Peter Kedge began to take over the Office, changed the bank accounts, and planned to remove the Institute’s managers. He told Geshe Kelsang that he and his students may have to move out within six months because he was going to sell the building. The Institute’s managers – then called the “Priory Group” – requested Geshe Kelsang for help and he accepted. Geshe Kelsang and the Priory Group wrote to Peter Kedge refusing to accept him as Director and stating their wish that Manjushri Institute formally separate from FPMT. A meeting was called and the community was asked to vote on two proposals: (1) that Manjushri Institute separate completely from FPMT, and (2) that Roy Tyson remain as Manjushri Institute Director. Of those who signed: forty-four people voted “yes” to both proposals (this number excluded the Priory Group of eight members); eleven abstained; and two voted “no”.

After this meeting the Priory Group wrote to Peter Kedge telling him to leave by a certain deadline or the Police would be called to remove him. Peter Kedge then left. Unfortunately, this was a disappointment to Lama Yeshe.

After Peter Kedge left, the Priory Group made two requests to Lama Yeshe: (1) to change the constitution of Manjushri Institute so that it belonged to the public and not to four private individuals, and (2) that he remain as Manjushri Institute’s Spiritual Director and Spiritual Guide continually throughout his life and for life after life. Letters received from Lama Yeshe indicated that he was unhappy with Manjushri Institute. He mainly expressed his displeasure and did not agree to change the constitution.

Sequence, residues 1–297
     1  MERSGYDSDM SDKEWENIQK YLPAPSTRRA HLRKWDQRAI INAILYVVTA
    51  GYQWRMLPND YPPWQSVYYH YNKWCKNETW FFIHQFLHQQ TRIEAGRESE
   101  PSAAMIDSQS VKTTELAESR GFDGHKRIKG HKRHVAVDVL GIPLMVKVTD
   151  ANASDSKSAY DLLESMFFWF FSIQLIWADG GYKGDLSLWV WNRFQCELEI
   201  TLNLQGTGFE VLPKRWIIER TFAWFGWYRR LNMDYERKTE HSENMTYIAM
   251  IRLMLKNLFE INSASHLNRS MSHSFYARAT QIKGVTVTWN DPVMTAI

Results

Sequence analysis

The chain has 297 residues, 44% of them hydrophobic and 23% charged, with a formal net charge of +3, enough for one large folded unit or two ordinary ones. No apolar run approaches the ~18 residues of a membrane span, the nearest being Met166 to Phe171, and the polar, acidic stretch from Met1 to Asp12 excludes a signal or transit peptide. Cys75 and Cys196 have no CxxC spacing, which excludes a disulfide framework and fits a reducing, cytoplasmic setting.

Lama Yeshe cancelled his summer visit to Manjushri Institute, so the community sent two representatives – Chip Rodarmor and Geshe Kelsang’s translator Tenzin Norbu, who was a friend of Lama Yeshe – to see Lama Yeshe in America, together with extensive offerings. They had one brief meeting with Lama Yeshe, and were asked to return two days later. When they returned they were told that Lama Yeshe was too busy to see them, but that Lama had left them a cassette-taped message. They listened to the taped message and later left a taped response. This clarified that the community was never against Lama Yeshe, requesting him to come to Manjushri Institute that summer to give teachings, and asking him not to listen to the negative things that Peter Kedge had been saying about Manjushri Institute. They effectively returned from America empty-handed.

On the one hand the community at Manjushri Institute was unhappy to be upsetting Lama Yeshe, but on the other hand it wanted to save the centre and separate from FPMT. There were continual discussions on how to solve the problem, and finally the Priory Group decided to take steps to separate Manjushri Institute from FPMT. There were three main reasons for doing this: